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Alone with Myself

By AJ Trandicosta All Rights Reserved ©

Horror / Thriller

Alone with Myself

The world is a spiral; not of colors, but of sounds, smells. It’s all a series of indistinct whispers in the wind, swirling together into one ominous howl which burrows into my deepest consciousness, scratching at the inside of my skull like a startled animal trying to escape. Where am I? I don’t know these scents or sounds. They are not the familiar stench and clatter of my unkempt bachelor pad in Chicago. Stink as it might, my home smells like heaven compared to wherever I now find myself. The air here smells like…like death. But why do I know that? Why don’t I know how I got here? And why is this place so dark? I can’t see a thing.

The last thing I can remember, I was out for a night on the town with some of my more reckless friends. We were having a good time until, as usual, they all decided to take things a step too far. I suppose that I probably should have tried to stop them when they began harassing that homeless woman. As always though, I had decided to bail before I found myself in any unwanted trouble. They may have been jerks, but they weren’t going to hurt anybody ―they never did. So I just left them to it. They’d get bored the same way that they always did.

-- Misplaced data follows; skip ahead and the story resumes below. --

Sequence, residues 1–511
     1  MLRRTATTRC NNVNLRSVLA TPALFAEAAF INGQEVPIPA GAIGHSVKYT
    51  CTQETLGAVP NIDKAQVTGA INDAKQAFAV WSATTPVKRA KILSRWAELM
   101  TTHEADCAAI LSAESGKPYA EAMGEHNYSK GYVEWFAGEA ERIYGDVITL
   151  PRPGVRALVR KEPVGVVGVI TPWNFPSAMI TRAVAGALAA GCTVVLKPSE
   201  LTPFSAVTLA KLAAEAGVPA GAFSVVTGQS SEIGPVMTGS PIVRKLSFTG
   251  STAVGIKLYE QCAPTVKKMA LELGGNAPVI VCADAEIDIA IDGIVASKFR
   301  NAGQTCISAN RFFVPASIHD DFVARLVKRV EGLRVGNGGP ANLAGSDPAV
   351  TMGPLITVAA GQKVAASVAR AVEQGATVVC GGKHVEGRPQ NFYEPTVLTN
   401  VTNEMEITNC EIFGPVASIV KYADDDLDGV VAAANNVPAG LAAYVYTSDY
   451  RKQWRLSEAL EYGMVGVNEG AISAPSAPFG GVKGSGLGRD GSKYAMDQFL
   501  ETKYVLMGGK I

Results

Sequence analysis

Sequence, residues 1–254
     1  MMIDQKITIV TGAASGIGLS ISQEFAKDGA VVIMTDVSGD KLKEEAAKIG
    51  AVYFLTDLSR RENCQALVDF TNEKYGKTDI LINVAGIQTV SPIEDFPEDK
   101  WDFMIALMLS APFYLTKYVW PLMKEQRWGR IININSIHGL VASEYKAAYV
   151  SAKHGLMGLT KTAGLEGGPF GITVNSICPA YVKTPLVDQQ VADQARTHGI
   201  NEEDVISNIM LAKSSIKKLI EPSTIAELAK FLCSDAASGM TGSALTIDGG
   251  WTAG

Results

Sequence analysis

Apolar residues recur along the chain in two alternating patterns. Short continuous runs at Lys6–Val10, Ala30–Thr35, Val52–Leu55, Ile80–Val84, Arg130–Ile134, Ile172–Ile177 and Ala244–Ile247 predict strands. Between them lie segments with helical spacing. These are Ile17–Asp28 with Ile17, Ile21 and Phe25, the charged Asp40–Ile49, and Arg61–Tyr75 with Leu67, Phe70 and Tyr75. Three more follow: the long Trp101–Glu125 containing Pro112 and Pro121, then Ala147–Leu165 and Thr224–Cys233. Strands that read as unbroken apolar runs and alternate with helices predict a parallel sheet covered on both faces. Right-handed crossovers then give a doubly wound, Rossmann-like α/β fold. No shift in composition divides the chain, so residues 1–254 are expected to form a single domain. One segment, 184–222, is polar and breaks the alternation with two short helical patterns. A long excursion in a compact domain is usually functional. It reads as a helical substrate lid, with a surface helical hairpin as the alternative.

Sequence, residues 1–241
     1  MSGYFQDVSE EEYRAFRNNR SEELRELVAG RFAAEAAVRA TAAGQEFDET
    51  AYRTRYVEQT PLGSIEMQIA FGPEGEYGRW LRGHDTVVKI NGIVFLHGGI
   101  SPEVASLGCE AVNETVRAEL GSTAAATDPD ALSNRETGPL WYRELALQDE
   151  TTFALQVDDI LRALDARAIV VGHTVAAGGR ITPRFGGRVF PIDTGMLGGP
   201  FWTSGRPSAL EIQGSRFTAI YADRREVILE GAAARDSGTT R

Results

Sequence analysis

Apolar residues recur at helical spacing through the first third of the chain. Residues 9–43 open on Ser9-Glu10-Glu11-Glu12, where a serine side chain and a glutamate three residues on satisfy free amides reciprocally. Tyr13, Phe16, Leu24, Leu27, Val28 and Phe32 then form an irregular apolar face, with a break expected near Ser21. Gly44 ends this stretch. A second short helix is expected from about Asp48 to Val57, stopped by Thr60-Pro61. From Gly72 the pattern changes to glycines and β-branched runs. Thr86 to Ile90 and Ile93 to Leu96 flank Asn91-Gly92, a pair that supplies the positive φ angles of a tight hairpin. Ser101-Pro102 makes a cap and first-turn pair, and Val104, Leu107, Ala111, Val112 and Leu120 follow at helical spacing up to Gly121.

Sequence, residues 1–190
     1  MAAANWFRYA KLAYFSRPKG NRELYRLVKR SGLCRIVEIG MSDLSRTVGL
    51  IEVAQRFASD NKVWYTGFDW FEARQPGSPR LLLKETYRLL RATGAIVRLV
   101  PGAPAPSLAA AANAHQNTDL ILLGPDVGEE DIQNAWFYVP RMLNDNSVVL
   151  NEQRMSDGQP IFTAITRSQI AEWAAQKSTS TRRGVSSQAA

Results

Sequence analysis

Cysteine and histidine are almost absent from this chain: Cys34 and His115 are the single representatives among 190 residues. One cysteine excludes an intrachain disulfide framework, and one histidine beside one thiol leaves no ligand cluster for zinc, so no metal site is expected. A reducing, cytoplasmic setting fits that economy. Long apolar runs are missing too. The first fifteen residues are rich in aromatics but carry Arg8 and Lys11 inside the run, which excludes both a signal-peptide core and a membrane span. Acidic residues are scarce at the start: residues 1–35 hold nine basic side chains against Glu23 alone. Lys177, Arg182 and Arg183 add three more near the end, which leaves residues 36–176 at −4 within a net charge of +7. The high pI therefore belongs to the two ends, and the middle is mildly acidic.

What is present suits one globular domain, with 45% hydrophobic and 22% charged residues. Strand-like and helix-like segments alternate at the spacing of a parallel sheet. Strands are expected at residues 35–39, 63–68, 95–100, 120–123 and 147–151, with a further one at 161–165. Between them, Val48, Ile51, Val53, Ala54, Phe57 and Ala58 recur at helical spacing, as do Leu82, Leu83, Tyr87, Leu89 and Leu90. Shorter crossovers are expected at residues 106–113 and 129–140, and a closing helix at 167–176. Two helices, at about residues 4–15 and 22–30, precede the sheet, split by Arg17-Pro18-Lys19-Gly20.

The strange thing though, is that I’m sure I didn’t have a single drop of alcohol last night. I remember that it was because I had to drive myself home, but I don’t remember ever getting into my car. That realization only adds to just how dire this situation must be. My heart starts pounding like a bass drum in my chest, faster and faster. Where is this place? If I never got into my car, how did I get here?

I inhale deeply, and take a moment to collect my thoughts. Maybe the first step to figuring out where I am is finding a light switch. This place is ungodly dark, and it’s only freaking me out all the more. I’ve never been anywhere so pitch black before, and it doesn’t seem like my night vision is kicking in at all. I place my hand on the floor so that I can push myself onto my feet. I can’t help but notice that it feels like…nothing. It feels like there is no floor beneath where I’m resting, and yet still I’m pushing against something. Still, I somehow find myself on my feet. At least, I think I do. It’s hard to tell when you can’t feel the ground beneath you.

I place one foot in front of the other, but I can’t tell whether or not I’m moving. There is no wind. There is no crunch or patter as I take my steps. There is only cold. That seems to be the only thing that I can feel in this place; just this piercing, bone-chilling cold. I stretch my arms out, searching for anything that I can grab onto; anything that can maybe give me some kind of clue as to where I am. Still though, just as when I first stood up, I feel nothing. That definitely can’t be a good sign.

“Hello!” I call out. I am answered only by what sounds like my own echo at first, but very quickly transforms into something eerily unnatural. Each new refrain of the word bounces back at me from a new direction. Each one is warped or skewed in some new, strange way. The first is low, and elongated. The next is shrill, and raspy. And the one after that sounds like me, only it’s…laughing. Eventually the mocking caricatures of my voice fade back into the haze of indistinct sounds that fill this void. For the first time I take these strange, muted noises into consideration. If I can’t see where I am, if I can’t feel out any clues, then maybe I can hear something that will help me figure it out.